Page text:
Supreme Court: In a Civil Appeal challenging the common judgment and order passed by the Division Bench of Gauhati High Court upholding the decision of Single Judge declaring Rule 3A(2) of the Tripura Sales Tax Rules, 1976 (‘TST Rules’) ultra vires to Tripura Sales Tax Act, 1976 (‘TST Act’), the Division Bench of M.R. Shah and Krishna Murari, JJ. found the High Court’s decision ‘absolutely fallacious’, quashed and set aside the judgment and order of both the Benches of High Court along with the quashing of memorandum of 1992 issued by the State Revenue Department.
The present appeal challenges the common judgment and order passed by the Division Bench of Gauhati High Court on 29-8-2007 dismissing the writ appeals by State against the judgment and order passed by Single Judge which declared the Rule 3A(2) of the TST Rules ultra vires to TST Act. The Division Bench had also set aside the part of Single Judge judgment holding the original writ petitioners liable under Section 3AA of the TST Act.
The Court looked into the facts wherein the Revenue Department of Tripura issued a memorandum in 1992 for deduction of 4% tax at source under Section 3-A of the TST Act. Tender notices were issued for hiring vehicles, work orders were issued in favour of original writ petitioners and agreements were entered into with GAIL, ONGC, FCI, etc. The original writ petitioners being the vehicle suppliers filed a Writ Petition before the High Court challenging the vires of Rule 3A(2) of TST Rules and for refund of amount deducted on the ground that there is no charging provision under TST Act for levy of tax on transfer of right to use goods. Another ground to challenge Rule 3A was that it suffers from absence of delegation of power invalidating the memorandum issued in 1992.
The Single Judge of High Court declared the Rule 3A(2) as ultra vires but held the original writ petitioners liable to pay sales tax under Section 3AA. The decision was challenged by both the parties before the Division Bench. The State challenged the ultra vires part, while the original writ petitioners challenged the liability for payment of sales tax. The Division Bench dismissed the State appeals and allowed the one by original writ petitioners holding Rule 3A(2) ultra vires of TST Act and Rules and relieving them from tax liability under Section 3AA of TST Act. The present appeal has been filed being aggrieved by the said judgment and order passed by the Division Bench.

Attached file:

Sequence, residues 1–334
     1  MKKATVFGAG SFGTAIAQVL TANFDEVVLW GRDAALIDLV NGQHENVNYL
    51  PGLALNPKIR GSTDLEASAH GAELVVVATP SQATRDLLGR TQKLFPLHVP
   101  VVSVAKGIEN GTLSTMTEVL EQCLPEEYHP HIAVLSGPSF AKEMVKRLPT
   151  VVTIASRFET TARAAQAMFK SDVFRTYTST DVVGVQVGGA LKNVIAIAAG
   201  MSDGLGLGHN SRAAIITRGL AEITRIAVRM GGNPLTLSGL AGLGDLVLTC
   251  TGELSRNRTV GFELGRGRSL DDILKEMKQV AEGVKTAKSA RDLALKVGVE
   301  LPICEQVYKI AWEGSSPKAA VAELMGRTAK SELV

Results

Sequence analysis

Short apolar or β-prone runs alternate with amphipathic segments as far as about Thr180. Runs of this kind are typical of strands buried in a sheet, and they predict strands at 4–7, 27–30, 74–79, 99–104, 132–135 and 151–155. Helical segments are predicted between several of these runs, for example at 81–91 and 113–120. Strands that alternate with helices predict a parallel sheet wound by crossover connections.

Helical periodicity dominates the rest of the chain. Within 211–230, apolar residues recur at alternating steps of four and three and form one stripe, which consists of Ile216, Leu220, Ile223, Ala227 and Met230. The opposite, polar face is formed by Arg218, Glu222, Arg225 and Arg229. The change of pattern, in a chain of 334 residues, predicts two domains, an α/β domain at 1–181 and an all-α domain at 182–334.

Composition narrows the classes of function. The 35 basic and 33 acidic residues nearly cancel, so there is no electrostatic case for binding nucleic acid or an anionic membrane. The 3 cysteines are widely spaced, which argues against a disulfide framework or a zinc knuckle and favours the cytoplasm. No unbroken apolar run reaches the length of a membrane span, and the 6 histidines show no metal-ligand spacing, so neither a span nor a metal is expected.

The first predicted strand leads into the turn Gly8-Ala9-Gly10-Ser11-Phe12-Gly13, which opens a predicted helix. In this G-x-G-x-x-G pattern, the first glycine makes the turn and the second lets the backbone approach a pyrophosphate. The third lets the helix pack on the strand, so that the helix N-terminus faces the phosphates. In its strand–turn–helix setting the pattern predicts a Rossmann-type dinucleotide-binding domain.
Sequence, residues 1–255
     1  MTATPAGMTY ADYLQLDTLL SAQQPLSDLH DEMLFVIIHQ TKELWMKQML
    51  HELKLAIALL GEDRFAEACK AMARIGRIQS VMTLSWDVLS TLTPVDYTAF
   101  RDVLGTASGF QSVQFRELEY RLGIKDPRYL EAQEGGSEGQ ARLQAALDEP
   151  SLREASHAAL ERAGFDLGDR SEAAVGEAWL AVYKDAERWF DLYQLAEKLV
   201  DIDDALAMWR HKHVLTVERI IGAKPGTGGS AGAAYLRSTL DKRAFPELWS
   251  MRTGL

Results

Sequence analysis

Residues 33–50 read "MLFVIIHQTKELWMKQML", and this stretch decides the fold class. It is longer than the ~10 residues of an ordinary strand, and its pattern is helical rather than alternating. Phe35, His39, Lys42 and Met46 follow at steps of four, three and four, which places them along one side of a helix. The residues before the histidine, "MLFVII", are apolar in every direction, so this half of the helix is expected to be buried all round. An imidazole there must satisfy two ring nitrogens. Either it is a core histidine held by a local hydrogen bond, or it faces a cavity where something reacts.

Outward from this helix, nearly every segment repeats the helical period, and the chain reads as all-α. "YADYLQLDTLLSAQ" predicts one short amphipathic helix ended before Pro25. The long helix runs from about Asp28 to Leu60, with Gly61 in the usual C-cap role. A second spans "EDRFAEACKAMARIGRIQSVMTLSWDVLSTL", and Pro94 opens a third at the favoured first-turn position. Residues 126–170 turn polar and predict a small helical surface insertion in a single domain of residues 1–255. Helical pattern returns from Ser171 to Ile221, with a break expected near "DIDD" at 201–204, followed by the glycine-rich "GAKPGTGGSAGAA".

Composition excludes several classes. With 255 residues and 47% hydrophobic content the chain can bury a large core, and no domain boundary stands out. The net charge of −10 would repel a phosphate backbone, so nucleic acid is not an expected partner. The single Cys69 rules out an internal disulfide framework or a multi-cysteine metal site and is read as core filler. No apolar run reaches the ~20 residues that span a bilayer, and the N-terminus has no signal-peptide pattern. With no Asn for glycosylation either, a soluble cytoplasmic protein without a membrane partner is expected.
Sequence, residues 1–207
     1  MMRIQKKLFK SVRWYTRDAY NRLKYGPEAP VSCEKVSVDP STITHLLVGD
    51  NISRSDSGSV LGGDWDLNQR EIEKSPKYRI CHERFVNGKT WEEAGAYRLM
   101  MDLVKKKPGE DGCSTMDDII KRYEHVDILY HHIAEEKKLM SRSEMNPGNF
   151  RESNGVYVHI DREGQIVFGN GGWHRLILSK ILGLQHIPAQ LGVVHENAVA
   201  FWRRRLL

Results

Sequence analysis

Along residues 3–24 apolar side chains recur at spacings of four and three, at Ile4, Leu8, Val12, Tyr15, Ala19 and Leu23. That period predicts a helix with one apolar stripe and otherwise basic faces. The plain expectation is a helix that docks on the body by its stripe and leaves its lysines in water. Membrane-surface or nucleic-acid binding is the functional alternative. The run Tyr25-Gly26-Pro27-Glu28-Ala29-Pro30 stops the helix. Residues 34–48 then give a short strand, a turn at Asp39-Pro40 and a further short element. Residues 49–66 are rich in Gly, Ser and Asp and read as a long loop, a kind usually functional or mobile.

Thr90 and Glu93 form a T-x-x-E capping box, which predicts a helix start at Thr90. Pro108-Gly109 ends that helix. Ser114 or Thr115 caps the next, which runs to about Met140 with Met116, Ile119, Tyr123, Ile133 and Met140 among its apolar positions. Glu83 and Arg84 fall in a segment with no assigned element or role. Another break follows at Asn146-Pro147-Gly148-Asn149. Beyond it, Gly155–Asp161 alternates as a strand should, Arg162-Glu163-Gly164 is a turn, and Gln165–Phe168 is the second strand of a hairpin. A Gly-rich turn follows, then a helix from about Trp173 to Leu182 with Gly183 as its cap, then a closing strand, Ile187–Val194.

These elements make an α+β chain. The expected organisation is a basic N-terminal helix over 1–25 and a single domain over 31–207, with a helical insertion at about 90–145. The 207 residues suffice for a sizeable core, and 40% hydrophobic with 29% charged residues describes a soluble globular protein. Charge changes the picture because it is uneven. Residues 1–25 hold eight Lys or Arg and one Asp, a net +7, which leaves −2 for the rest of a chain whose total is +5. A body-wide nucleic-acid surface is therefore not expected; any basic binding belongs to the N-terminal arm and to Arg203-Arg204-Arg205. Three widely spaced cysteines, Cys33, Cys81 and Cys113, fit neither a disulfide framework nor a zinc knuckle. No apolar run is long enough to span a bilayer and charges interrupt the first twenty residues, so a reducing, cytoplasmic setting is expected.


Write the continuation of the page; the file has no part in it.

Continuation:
The Court considered the question of whether Rule 3A(2) of the TST Rules can be declared ultra vires being contrary to the provisions of the ‘TST Act’, though there is express proviso in Section 3(1) for levy of 4% Sales Tax on any transfer of the right to use any goods for any purpose.
The Court examined various provisions of the TST Act and Rules and observed that on combine reading of Section 3 with Section 2(b) & 2(g) of TST Act, any transfer of right to use any goods shall be deemed to be a ‘sale’, and the transferor of the right to use any goods/vehicles can be said to be a dealer liable to pay tax at the rate of 4% as per Section 3(1) of TST Act. Thus, the Court rejected the submissions of original writ petitioners negating the sale or transfer of goods since they are unregistered as per TST Act not liable to pay 4% tax. The Court held that the liability to pay the tax shall be on the transferer transferring the right to use any goods as per proviso to Section 3(1) read with Section 2(b) and 2(g) of TST Act.
While considering the question of whether Rule 3A(2) of the TST Rules and memorandum issued by the Government for deduction of tax at 4% and bills to be paid to the transferers are ultra vires to TST Act, the Court found the High Court’s view ‘absolutely fallacious’. The Court clarified that “Rule 3A(2) only provides for a machinery/mechanism where the person buying the goods is required to deduct the tax at source and deposits the same with the Revenue. It does not in any manner change the chargeability of the tax or liability of the tax which is under Section 3(1) of the TST Act read with Section 2(b) & 2(g) of the TST Act.”
The Court observed that the said rules are framed by the State while exercising the rule-making power under Section 44 of TST Act and the tax liability on transfer of right to use the goods shall still be continued under proviso to Section 3(1). The Court said that merely providing the mode or machinery/mechanism for recovery of tax payable by the transferer/supplier from buyer deducting the tax at source and depositing the same with Revenue cannot be said to be ultra vires to TST Act and Rules.
The Court quashed and set aside the common judgment and order passed by the Single Judge and Division Bench of the High Court declaring Rule 3A(2) of TST Rules ultra vires to TST Act, in addition to quashing and setting aside the State memorandum of 1992 requiring the hirers to deduct an amount of tax at 4%.
The Court further observed and held that Rule 3A(2) of TST Rules does not change the chargeability or liability of tax in any manner. The Court commented that “the High Court has fallen in error in misinterpreting Rule 3A(2) of the TST Rules and declaring the same ultra vires to TST Act. The High Court materially erred in quashing and setting aside the memorandum issued by State Government.”
[State of Tripura v. Chandan Deb, 2023 SCC OnLine SC 327, judgment dated 24-3-2023]
Judgment authored by: Justice M.R. Shah